Books Poetry

Andrew Marvell and His Coy Mistress

Andrew Marvell
Andrew Marvell

Today is the birthday of Andrew Marvell (March 31,1621 – August 16,1678), the author of one of the most anthologized love poems, To His Coy Mistress. I love the poem. I saw it described somewhere as a lover asking a virgin to sleep with him. But that is overlooking its wit, its playfulness, its ardour. It’s importunate, urgent, passionate, the way you are when you fall in love, when you constantly think, want to be with and hold your lover and say how much you adore her.

Unabashed, uninhibited, the poem is an unrestrained call for lovemaking, frankly dwelling with feverish anticipation on the eyes and breasts, virginity and dewy skin of the beauty the lover wants to embrace in sheer ecstasy.

Sensual, hedonistic, carnal — the poem is all that, but driving this sexual longing is a sobering thought, mortality. Let’s make the most of the time we have before we die, the poet says, because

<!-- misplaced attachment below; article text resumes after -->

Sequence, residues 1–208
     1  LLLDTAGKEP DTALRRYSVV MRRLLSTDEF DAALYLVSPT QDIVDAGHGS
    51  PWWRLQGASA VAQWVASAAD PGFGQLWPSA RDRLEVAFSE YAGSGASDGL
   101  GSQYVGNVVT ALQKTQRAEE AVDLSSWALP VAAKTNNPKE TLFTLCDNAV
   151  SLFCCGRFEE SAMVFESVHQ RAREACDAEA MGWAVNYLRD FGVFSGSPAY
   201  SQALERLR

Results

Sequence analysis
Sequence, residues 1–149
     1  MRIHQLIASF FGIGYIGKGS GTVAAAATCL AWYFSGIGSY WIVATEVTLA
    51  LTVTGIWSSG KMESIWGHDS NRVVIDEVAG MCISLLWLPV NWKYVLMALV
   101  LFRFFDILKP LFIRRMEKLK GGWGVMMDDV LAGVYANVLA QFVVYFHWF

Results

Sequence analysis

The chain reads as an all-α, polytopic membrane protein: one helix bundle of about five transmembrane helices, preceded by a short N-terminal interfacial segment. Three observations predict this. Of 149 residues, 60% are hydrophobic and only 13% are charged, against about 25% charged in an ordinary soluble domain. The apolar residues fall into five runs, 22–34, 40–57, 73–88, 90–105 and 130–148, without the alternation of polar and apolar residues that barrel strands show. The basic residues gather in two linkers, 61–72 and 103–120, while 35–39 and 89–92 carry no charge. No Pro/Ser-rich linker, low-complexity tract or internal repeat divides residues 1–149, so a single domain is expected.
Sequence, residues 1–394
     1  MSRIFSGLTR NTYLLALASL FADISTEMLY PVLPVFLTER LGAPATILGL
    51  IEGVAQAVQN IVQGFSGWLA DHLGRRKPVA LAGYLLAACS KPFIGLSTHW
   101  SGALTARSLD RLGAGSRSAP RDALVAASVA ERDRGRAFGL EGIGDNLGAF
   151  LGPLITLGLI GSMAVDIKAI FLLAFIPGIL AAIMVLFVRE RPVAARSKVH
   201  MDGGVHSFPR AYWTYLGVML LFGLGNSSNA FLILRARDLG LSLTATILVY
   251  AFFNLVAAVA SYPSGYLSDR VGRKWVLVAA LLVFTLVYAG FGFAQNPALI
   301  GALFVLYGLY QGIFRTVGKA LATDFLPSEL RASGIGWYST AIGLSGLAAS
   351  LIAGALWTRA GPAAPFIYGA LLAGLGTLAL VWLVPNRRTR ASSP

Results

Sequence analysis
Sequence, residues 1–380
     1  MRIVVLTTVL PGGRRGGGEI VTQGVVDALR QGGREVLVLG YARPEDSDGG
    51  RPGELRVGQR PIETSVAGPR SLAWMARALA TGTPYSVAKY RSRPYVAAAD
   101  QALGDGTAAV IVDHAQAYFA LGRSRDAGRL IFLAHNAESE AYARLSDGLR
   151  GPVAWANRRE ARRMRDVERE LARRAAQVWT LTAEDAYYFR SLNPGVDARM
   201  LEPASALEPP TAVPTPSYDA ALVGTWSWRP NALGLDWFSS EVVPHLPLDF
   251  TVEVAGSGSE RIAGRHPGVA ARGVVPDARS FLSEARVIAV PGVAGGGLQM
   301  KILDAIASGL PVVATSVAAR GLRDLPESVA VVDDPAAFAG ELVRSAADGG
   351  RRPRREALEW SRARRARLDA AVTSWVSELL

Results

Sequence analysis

“The grave’s a fine and private place,
But none, I think, do there embrace.”

Books Poetry

On Julia’s Clothes and 99 other most popular poems

This must be one of the shortest, heavily anthologized poems in the English language. On Julia’s Clothes, by Robert Herrick, runs to only six lines. But, witty and playful, this 17th century poem is one of the 100 most anthologized poems in the English language, according to the Columbia Granger’s World of Poetry. Here are links to the top 100. But first…

On Julia’s Clothes
By Robert Herrick (1591-1674)

Whenas in silks my Julia goes,
Then, then, methinks, how sweetly flows
That liquefaction of her clothes.

Next, when I cast mine eyes and see
That brave vibration each way free,
O how that glittering taketh me!

Roguish but charming, isn’t it?